Fareeza Terunuma (her unusual first name comes from the fact that her father is Turkish) is a "splash queen", veteran of movies with names like Tokyo Slimy Night, Splash Girl and Non Stop Orgasm. After a long string of movies for AV companies like Moodys and Kuki, she's trying to launch a somewhat spurious art career, and the rumour is that she doesn't really shoot her own self-portraits. Anyway, she impressed some of the judges at Geisai; Lily Franky (best-selling author of Tokyo Tower) gave her a prize, and apparently Aida Makoto loved her piece too.

A more interesting self-objectifier -- and a much more talented artist -- is Naoto Kawahara, a painter who depicts her own frail, bare body in the erotic poses of classical Western paintings.



Represented by Taka Ishii Gallery, Kawahara gives her work a photo-realistic finish, but drains it of colour. Knives are often present, and intimations of murder and violation, though not quite on the scale of Rape of the Sabines. Make a virtual visit to one of her gallery shows here. It's crepuscular stuff (I like the recreation of Munch's Puberty and her almost-cheerful remake of The Suicide of Lucretia).

Oh, wait, Naoto Kawahara is a man!

17CommentReply

akabe
akabe
alin huma
Fri, Mar. 13th, 2009 05:44 am (UTC)
the fact that her father is Turkish) is a "splash queen"

cm'on here you have Neukoln meets Shibuya making Carolee Schneemann-like fluxus art . you're not really telling us that some yasumasa morimura jr. is more interesting


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imomus
imomus
imomus
Fri, Mar. 13th, 2009 09:53 am (UTC)
Re: the fact that her father is Turkish) is a "splash queen"

I was going to make the Morimura comparison, actually -- I dug out an old catalogue to show his work to Hisae. But I think Morimura is more camp, more 80s-pomo, more Cindy Sherman identity politics. And he's using photography. There's something much more austere and scary about Kawahara's work (which doesn't depict himself). I do indeed think it's better than Morimura's.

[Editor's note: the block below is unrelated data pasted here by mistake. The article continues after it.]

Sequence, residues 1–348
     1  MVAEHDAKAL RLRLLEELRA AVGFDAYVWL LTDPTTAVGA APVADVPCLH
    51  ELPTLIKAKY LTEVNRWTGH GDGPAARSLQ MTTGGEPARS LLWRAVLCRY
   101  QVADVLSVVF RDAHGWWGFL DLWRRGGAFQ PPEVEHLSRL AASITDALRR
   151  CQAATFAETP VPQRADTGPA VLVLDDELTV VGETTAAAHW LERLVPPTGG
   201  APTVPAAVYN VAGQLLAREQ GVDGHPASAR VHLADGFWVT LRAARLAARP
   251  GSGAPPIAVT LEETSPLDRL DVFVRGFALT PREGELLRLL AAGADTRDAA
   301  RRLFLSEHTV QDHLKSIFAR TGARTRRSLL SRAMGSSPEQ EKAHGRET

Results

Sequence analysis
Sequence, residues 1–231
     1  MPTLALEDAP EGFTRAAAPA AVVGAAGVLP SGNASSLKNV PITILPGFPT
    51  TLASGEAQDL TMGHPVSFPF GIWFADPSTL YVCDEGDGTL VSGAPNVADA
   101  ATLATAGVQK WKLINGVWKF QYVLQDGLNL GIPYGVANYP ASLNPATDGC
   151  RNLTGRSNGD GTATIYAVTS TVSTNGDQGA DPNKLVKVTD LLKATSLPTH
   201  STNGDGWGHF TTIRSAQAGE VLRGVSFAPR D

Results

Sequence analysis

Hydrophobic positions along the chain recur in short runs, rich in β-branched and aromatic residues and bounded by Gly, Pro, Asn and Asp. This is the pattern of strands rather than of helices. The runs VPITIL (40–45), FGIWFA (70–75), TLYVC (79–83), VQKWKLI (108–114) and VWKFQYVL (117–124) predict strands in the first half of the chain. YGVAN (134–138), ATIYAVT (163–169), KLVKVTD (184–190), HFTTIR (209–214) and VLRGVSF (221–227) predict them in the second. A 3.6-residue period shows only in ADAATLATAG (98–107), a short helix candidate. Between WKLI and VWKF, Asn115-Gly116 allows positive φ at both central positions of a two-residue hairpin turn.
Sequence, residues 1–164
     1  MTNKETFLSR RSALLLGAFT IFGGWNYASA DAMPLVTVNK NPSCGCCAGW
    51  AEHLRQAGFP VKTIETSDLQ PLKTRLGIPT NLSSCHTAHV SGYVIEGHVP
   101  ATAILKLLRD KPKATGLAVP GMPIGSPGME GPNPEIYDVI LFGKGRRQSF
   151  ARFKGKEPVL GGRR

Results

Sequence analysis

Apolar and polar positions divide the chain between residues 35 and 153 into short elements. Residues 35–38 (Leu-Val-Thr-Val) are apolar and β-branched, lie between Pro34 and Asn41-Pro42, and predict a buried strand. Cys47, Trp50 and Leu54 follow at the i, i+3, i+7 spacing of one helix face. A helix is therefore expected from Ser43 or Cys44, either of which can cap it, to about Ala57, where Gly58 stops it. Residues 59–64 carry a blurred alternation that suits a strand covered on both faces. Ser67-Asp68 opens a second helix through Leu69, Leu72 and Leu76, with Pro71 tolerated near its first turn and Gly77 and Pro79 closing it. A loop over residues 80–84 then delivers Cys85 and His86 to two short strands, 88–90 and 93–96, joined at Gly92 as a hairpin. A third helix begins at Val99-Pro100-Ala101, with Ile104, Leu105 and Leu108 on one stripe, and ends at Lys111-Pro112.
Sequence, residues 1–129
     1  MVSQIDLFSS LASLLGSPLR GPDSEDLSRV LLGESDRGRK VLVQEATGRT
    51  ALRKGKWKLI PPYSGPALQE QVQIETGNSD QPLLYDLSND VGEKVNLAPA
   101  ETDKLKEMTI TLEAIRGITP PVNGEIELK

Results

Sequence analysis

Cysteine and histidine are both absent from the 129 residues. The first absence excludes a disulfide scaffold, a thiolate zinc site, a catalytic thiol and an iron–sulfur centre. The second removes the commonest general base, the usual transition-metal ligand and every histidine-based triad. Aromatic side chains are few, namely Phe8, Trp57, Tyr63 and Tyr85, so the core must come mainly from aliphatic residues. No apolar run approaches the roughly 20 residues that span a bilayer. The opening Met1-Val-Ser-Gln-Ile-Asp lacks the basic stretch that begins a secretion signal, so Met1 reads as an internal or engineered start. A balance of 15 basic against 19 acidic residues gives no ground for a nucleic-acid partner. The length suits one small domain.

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akabe
akabe
alin huma
Fri, Mar. 13th, 2009 10:28 am (UTC)
Re: the fact that her father is Turkish) is a "splash queen"

i don't really see the point of a japanese artist in 2010 still feeding the abstract 'daughters of art history' other than encouragement by a gallerist or too much tuition or so .. whereas teranuma's stuff is dealing with something acute. i can see why makoto aida would like it. in fact it's like one of his pieces come to life.


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imomus
imomus
imomus
Fri, Mar. 13th, 2009 11:34 am (UTC)
Re: the fact that her father is Turkish) is a "splash queen"

I'm cool with people saying Fareeza is better / newer than Kawahara, although you should remember that Koons-Cicciolina is just as 80s as Cindy Sherman.

I think what makes me prefer Kawahara is that the bodytypes and poses are less stereotypical, the eroticism darker and more oblique.


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akabe
akabe
alin huma
Fri, Mar. 13th, 2009 12:36 pm (UTC)
Re: the fact that her father is Turkish) is a "splash queen"

what's cool so far about teranuma's stuff is that it's representative of the best kind of art tokyo can offer , stuff that starts somewhere along the chuo-sen and ends at geisai. it's a separate universe to the 'art world' (that's why references to koons-cicciolina are not relevant here) and i don't really want to think of her becomming an art star in japan or being taken to show in paris or LA.


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akabe
akabe
alin huma
Fri, Mar. 13th, 2009 12:38 pm (UTC)
Re: the fact that her father is Turkish) is a "splash queen"